In the last post I wrote about the statement issued by the press unions in Scandinavia, in which they express their grave concern about the state of the media here in Iceland. They make particular mention of the fact that Davíð Oddsson was recently hired as editor-in-chief of Iceland’s oldest and most established newspaper, Morgunblaðið.
Some of you may remember the shock that reverberated throughout this society when Oddsson’s appointment was announced. After all, in-depth investigations are currently being conducted into the lead-up to the bank collapse, and Oddsson is one of the main players. Not only was he Head of the Board of Governors of the Central Bank when the collapse occurred, but previous to that had been Iceland’s longest-serving Prime Minister, responsible for implementing the free-market economy into Iceland that failed so spectacularly last autumn. How is a newspaper that he heads going to be able to write about the investigation in any sort of plausible way? How are the journalists on that paper supposed to do their jobs with him as their superior?
Oddsson – as I have written about numerous times on this blog – is a strange character in Icelandic society. He is a larger-than-life figure, very articulate, with a peculiar confidence and sharp wit. He is one of the strongest politicians this country has ever had, for better or for worse. He’s got a way of swaying people – some would say manipulate. Even his adversaries admit that he’s very shrewd. He’s also a control freak and loves to be the centre of attention. Make no mistake: Doddsson can discombombulate all of Icelandic society at the drop of a hat.
He also seems to be one of those unfortunate people who simply cannot admit that they’ve made a mistake. M. Scott Peck, who has written extensively about that sort of personality disorder, sums it up very nicely in his excellent book Further Along the Road Less Traveled: “Rather than using it [the evidence that points to imperfection] to make some kind of self-correction, they will instead – often at great expense of energy – set about trying to exterminate the evidence.”
In light of this, it is very alarming that Davíð Oddsson has been hired editor of the country’s oldest newspaper, the paper that for a while seemed to be gaining credibility as one of the most trustworthy media outlets in this country … that is, until the meltdown happened and new owners affiliated with the Independence Party took over. Immediately on Doddsson’s appointment, it became clear to many of us that he would use the opportunity to rewrite his part in this country’s meltdown – and we did not have to wait long.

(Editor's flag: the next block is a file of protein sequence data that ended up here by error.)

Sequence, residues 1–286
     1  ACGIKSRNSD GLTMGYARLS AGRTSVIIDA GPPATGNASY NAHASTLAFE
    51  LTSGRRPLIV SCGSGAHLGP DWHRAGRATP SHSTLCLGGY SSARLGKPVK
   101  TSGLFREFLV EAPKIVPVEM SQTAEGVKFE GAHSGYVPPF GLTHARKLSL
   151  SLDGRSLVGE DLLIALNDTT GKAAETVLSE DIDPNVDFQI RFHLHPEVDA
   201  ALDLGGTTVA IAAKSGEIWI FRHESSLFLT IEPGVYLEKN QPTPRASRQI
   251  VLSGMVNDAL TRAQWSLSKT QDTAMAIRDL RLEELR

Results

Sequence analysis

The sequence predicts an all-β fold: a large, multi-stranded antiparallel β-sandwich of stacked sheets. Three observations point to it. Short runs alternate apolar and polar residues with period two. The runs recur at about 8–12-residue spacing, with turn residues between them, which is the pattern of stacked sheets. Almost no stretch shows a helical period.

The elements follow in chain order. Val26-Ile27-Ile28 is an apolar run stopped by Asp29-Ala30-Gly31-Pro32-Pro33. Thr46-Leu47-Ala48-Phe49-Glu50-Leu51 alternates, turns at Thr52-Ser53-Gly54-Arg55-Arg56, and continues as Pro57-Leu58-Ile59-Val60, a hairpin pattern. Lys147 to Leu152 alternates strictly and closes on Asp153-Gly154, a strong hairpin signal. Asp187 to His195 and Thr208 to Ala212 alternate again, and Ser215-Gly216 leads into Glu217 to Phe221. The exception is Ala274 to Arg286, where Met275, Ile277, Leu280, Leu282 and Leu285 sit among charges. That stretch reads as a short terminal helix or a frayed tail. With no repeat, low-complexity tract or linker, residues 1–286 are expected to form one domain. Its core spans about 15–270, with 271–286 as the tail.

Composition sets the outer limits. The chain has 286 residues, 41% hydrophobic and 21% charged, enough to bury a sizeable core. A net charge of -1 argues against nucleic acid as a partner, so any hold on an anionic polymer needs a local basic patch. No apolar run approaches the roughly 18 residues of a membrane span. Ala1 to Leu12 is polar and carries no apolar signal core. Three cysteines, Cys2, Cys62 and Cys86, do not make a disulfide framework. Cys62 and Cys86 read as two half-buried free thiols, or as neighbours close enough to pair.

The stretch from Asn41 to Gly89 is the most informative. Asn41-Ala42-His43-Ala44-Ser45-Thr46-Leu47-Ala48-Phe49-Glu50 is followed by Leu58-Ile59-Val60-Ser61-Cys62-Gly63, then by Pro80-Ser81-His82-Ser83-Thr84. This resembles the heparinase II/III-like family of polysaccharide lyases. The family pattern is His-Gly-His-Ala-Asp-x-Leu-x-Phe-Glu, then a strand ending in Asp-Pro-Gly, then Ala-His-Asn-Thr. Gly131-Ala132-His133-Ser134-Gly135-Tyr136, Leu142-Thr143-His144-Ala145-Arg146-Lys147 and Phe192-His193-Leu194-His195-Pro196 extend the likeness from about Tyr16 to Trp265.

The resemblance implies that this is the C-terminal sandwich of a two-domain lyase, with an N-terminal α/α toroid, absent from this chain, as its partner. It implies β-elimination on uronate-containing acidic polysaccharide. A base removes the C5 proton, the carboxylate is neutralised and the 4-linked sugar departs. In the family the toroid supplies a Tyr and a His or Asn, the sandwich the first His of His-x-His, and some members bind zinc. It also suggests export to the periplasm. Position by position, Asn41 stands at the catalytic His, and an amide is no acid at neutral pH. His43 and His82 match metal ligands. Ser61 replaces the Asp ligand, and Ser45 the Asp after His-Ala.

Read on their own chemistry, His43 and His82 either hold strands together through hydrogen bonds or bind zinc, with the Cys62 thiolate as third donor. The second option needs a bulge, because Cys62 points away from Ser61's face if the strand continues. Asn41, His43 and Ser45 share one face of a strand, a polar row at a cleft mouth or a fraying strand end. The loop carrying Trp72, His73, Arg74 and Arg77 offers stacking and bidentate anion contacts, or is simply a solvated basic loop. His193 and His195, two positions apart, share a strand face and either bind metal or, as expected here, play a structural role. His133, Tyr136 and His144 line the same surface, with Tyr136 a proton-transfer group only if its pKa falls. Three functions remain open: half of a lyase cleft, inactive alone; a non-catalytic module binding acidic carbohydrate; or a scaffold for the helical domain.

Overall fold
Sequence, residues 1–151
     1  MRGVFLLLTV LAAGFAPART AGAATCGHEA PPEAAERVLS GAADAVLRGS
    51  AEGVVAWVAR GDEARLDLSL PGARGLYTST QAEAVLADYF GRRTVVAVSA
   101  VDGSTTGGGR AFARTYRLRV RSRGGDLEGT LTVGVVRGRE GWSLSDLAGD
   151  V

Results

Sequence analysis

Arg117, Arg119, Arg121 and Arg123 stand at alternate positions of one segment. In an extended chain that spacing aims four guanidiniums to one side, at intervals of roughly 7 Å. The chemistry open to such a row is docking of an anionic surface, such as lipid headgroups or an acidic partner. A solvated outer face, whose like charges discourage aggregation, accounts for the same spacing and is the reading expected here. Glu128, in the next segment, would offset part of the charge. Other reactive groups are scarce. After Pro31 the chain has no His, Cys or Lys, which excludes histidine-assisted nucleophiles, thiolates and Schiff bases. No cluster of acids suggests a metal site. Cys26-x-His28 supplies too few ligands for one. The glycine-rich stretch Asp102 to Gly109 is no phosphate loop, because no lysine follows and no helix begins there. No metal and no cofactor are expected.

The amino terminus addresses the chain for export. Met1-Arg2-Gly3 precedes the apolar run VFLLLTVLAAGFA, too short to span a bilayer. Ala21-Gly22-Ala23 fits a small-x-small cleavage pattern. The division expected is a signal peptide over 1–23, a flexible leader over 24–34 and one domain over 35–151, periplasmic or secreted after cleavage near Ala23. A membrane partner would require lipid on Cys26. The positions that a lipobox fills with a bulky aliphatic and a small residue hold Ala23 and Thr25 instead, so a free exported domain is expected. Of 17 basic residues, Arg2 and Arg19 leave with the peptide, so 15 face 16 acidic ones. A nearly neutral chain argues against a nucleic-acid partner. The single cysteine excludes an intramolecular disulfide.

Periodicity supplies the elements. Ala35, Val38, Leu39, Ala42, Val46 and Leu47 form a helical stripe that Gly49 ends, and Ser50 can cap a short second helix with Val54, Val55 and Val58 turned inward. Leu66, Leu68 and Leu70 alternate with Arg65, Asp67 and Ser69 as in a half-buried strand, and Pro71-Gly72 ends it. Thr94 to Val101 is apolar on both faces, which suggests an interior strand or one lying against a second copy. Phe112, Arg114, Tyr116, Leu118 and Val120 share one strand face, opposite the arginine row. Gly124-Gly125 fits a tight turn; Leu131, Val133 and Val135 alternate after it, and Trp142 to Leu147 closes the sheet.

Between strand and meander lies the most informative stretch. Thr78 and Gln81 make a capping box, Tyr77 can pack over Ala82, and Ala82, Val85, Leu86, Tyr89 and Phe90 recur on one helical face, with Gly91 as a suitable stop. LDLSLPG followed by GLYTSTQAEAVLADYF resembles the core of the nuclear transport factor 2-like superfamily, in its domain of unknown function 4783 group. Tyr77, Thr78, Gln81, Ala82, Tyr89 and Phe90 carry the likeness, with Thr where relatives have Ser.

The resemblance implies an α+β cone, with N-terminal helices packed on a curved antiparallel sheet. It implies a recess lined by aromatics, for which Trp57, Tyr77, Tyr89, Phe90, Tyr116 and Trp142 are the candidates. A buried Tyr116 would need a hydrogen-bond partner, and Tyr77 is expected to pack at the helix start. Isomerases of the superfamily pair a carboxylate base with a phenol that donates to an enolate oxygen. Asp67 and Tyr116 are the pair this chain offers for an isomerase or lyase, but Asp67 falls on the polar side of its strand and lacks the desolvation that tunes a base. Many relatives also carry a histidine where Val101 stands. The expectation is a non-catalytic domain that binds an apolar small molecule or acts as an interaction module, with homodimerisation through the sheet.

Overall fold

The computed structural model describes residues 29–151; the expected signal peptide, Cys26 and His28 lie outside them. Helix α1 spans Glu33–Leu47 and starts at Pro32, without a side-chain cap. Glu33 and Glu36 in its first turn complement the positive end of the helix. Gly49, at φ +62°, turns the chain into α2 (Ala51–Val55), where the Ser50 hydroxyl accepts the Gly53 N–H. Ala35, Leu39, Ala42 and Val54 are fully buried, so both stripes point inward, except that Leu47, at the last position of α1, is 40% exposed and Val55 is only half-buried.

That rewriting begins in subtle fashion over there. So subtle that you might be forgiven for not noticing. It begins with a seemingly innocuous pair of quotation marks.
On more than one occasion since Doddsson was hired, Morgunblaðið has put a pair of quotation marks around the word “hrun” – meaning collapse.
Here is one example, written on 19 November 2009. The article in question is a regular mini-editorial in Morgunblaðið called Staksteinar and does not have a byline. It does not take much to figure out who the writer is, however. The blurb is written in defense of Baldur Guðlaugsson, the good IP soldier who was the first individual to have his assets frozen as a result of the investigation into the bank collapse. The sentence in question – the insidious revising-of-history sentence – is this one [in the last paragraph]:
Stóra fréttin í þessu undarlega máli er auðvitað sú að 14 mánuðum eftir „hrun“ þá skuli fyrsta frystingin á fjármunum beinast að embættismanni úr fjármálaráðuneytinu.
The big news in this peculiar matter [that of Baldur Guðlaugsson] is, of course, that 14 months after the “collapse”, the first freezing of capital should be directed at a public official from the Ministry of Finance.
In Icelandic, as in English, a pair of quotation marks around a word is used to either give emphasis to that word, or to suggest that its meaning isn’t really what it purports to be. Morgunblaðið is clearly deploying the latter interpretation.
Evidently, the powers-that-be at Morgunblaðið are happy to refer to the economic collapse of Iceland as the economic “collapse”.
Like they don’t really believe there was a collapse. Like they’re just humouring the rest of us who do. Those of us who, unfortunately, feel it on our own skins, to a greater or lesser degree.
Illugi Jökulsson, one of Iceland’s sharpest commentators, wrote a brilliant blog post in the form of an open letter to Óskar Magnússon, publisher of Morgunblaðið, asking whether he shares the view of the author of Staksteinar about the “collapse”. [As far as I’m aware, he has not received an answer.]
He also muses what the subsequent steps at Morgunblaðið will be. Will the paper, say, begin to write about the so-called “collapse” in 2008 and, perhaps later, the alleged “collapse” in 2008 …?
Very valid questions, and very timely. And the Scandinavian press unions are obviously right to be worried about the state of the media here. Because propaganda and the revising of the facts rarely happens with fanfare. It is done quietly and subtly – for example with a pair of strategically-placed quotation marks.
BALMY AND BLUSTERY
It’s pretty warm, considering. Right now 7°C [45F] and it’s almost mid-December. We’ve had occasional raindrops today, too, although not enough to constitute a proper shower. The sun came up at 11.02 this morning, set at 3.35. The days are SO SHORT these days, and when it’s overcast like today, they are also very gloomy. Hanging on for the winter solstice on the 22nd.